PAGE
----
There were no rules and no set methods. Each member of the group – there were about ten or a dozen in all, over the few years that it lasted – was perfectly free to define his or her own field of research or methods.
Some of them essentially took photographs during their explorations. And did not produce a written commentary or something very short. The photographs spoke for themselves. They were designed to capture not only the atmosphere of a place, its specificity, and the effect it had on the artist, but to reveal what was secret about it, invisible, perhaps, to those who approached it in their daily lives with a purely utilitarian eye.
Other members left with a dictaphone on which they recorded all their thoughts, their emotions, all the micro-events of their walk. They would then write either a synthesis or a complete, literal transcription of their recording.
Some planned their exploration exactly, using a map. Others (like me) would drive off at random, sometimes not even knowing which town they were going to stop in. They waited to see something, or to feel an inner signal that they should stop here or there.
Between the exhaustive exploration of a place and the hazardous dérive (drift), content with a single journey through a city, missing most of it, everything was possible. Even explorations limited to night-time dreams... And even fictional explorations, not just from the writer's imagination, but from meditation and daydreaming. Or exploring a city through photographs of its streets.
I can imagine what we could have done at the time if Google Street View had existed."
"Personally, as I said, I used to do a lot of driving alone. I had just lost my mother, when I was twenty, and I had inherited her Ford. For a long time I had a very strong need for solitude. I spent at least a year of my life taking, as often as possible, a whole day or a night, without telling anyone, to wander around the region in my car, driving randomly for dozens or sometimes hundreds of kilometres. I took pictures in the towns and villages where I stopped, or sometimes just through the windscreen."
"The name Souvenirs de la Ville Grise (Memories of the Grey City) also comes from the fact that I took a lot of black and white photos at the time. I developed and printed them myself, at a friend's house who had the necessary equipment. A number of prints were considered to be part of the Group's official inventory afterwards. I sold some of them, mostly to acquaintances and friends, to be honest. Two or three were reproduced in local fanzines at the time."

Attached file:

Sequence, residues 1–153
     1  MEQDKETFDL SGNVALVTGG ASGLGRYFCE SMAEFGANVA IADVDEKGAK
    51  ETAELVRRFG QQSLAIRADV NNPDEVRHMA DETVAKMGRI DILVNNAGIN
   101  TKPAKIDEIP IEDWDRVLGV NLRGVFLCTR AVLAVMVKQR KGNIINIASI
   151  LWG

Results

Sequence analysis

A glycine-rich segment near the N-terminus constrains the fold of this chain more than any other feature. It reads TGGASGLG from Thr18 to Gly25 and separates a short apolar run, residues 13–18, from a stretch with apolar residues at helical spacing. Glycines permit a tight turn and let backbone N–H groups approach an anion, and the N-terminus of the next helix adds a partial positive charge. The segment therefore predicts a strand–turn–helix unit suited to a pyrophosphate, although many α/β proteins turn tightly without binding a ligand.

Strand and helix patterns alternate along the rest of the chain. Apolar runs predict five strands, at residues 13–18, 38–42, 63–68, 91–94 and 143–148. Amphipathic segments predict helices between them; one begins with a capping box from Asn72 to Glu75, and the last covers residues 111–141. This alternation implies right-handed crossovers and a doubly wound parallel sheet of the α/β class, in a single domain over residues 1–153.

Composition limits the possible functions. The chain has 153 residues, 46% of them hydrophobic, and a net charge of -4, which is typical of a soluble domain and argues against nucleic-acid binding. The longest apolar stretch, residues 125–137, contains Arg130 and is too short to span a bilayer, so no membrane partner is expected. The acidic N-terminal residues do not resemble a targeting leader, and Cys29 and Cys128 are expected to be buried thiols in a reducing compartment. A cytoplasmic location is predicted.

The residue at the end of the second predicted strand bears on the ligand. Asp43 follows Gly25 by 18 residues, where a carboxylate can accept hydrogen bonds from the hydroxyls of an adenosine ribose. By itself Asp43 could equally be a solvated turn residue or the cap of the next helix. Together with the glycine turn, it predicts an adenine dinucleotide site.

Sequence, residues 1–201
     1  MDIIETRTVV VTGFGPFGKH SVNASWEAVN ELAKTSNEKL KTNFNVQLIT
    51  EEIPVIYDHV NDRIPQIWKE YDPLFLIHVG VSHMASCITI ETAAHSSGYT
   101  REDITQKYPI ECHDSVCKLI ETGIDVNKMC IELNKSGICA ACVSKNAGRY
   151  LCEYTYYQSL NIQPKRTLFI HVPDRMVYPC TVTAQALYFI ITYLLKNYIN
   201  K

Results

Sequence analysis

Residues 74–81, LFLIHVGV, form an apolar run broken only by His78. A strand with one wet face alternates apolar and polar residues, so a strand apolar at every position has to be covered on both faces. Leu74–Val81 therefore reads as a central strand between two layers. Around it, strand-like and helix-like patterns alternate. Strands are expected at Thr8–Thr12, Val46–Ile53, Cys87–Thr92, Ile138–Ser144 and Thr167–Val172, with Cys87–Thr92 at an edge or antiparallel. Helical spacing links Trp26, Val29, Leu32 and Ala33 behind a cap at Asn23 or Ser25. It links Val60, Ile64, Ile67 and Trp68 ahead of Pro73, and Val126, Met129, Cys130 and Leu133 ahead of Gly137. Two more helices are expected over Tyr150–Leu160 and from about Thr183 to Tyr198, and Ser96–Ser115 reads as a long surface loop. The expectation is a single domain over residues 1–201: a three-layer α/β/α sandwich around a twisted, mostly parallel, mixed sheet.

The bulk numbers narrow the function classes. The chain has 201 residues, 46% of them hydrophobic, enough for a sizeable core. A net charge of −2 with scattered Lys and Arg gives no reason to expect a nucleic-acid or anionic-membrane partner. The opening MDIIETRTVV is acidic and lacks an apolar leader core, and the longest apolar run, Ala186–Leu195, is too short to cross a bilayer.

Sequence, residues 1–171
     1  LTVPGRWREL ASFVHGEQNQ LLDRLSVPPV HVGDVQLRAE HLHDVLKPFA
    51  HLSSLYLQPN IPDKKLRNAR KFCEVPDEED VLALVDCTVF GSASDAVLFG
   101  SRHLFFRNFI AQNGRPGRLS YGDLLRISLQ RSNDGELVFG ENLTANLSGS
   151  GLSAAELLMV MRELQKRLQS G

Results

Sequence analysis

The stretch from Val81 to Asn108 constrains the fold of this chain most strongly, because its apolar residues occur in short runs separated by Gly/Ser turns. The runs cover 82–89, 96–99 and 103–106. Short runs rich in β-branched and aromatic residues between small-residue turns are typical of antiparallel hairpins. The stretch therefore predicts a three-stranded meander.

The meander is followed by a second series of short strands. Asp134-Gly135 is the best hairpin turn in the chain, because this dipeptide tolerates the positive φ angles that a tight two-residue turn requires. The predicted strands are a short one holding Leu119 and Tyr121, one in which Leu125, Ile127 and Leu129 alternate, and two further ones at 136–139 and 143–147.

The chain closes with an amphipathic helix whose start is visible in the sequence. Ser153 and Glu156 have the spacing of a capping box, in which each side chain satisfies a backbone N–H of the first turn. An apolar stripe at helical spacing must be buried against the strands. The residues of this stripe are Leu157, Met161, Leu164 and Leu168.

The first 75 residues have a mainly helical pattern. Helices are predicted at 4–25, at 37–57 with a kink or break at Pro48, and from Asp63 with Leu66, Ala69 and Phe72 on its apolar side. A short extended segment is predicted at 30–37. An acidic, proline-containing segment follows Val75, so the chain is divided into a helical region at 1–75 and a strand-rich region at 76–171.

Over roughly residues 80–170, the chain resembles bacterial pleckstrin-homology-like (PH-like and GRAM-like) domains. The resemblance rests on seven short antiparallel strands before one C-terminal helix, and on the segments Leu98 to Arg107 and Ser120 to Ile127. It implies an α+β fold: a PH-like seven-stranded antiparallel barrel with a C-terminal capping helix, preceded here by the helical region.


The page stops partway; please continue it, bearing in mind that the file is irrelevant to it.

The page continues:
"There is something indefinable but very intense for me in the fact of being alone at the wheel, in an unknown city, at nightfall or in the early hours of the morning; a city where I have nothing to do, no one to see, where no one knows that I am. With the windscreen as a screen, that is to say, both as protection and as a medium (like a cinema screen) that allows me to have an experience of the world that is not direct but aesthetic above all. It is a type of mental state that I discovered by chance and that I voluntarily sought out afterwards. The others have had the same kind of evolution; first pure experience, then you theorise, you systematise."
"I no longer have the originals of our brochures but that doesn't matter much, at the time we used an Atari to archive all our texts with Writer software, and as it saved files in .doc format I still have all our writings. Maybe it will be republished one day in some way, I don't have any definite plans for it at the moment. Not on paper, I think, there's no audience for that, but today any blog or Archive.org account allows you to reach out to the whole world."
"We lived mainly in medium-sized cities or small towns. Our explorations were essentially in these types of environments, including villages. With very large cities like Paris or Lyon we have almost only had imaginary relationships, through books, cinema, etc. The Parisian drift interests me moderately.